However what is really annoying is that you have a double of almost every standard App! You have the following Apps with similar functions: Nokia Music / Zune, Nokia Maps / Maps, Nokia Market Place / App Highlights, and Nokia Drive / Maps etc. I know some of these Apps may do slightly different things, but logic and sanity should prevail. Things like Nokia Drive and Maps should really be the same App as people expect it to be.

With that, it is quite clear to me that there is a huge business agenda between Nokia and Microsoft with both wanting their value add services on the device. The alliance seems to be some kind of 50/50 partnership mash-up where the person that loses out in the end is the user.

Both companies need to look at this device from the point of view of the customer, identify the benefits they provide, and determine what roles each organization will play. Otherwise they risk killing off a great interface at its infancy.

Before I sign off, I like to say that I won’t go to much into the Apps in this article as I’m still “getting into” the phone but suffice to say I’m currently not as productive as I am on my iPhone. As they say, the survival of any phone platform has to do with the range of Apps available. Microsoft has to decide if they want to create a new market, or convert existing users who already have a long relationship with Apple. If it is the latter, Microsoft will have to convince developers such as Instagram, Path or Instapaper to come on over to Metro OS.

Design Manifesto 2012

Design Articles
May 29, 2012

When Tim Brown said that ”design is getting big again”, he meant that Design is moving (or has moved, in my humble opinion) from a form giving exercise and into the boardroom where is have become a much bigger strategic activity.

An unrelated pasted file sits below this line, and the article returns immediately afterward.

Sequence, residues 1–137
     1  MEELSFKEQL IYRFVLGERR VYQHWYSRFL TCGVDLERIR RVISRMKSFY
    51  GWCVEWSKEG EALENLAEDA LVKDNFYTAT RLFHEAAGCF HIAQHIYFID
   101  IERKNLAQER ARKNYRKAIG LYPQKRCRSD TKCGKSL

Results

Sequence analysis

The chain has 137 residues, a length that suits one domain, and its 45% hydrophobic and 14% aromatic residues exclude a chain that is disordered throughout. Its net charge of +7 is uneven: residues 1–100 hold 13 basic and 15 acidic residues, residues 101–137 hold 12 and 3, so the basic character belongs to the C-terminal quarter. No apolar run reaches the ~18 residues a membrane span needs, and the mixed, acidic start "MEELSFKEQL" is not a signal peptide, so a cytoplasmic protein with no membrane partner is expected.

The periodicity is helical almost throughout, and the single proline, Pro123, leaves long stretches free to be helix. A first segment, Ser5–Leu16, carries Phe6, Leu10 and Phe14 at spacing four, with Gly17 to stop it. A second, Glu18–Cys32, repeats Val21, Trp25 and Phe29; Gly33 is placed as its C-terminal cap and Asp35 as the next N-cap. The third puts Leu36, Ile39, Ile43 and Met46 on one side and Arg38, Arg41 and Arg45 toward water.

I agree. Design is fast becoming a more strategic and holistic consideration in many organizations evident with its application through out many levels of the entire business.

If we use Everett Roger’s theory of “Diffusion of Innovations” to help explain the rate of take up of new ideas, we can see that Design (Thinking) has moved into the “early majority” phase. Many organizations have realized and recognized the power of design through the success of early adopters like P&G and Apple. I believe Design has crossed what Jeffry Moore calls the ”chasm”.

Click for a bigger image. Cartoon by Tom Fishburne.

With every success there are sacrifices. Through my day-to-day activities in Design Strategy and Design Thinking, I’m starting the sense that the tonality of design is changing a great deal.

The type of Design that lives in the boardroom has taken on a very serious tone. It’s all about results, budgets, trade-offs (or not) and getting stuff done. Design activities such as User Centered Design and Services Experiences have become a by-product of this commercial and strategic approach to design.

Don’t get me wrong. I don’t have a problem with being commercially minded in Design. In fact at Design Sojourn, we pride ourselves in taking a very commercial and pragmatic approach towards our client’s projects.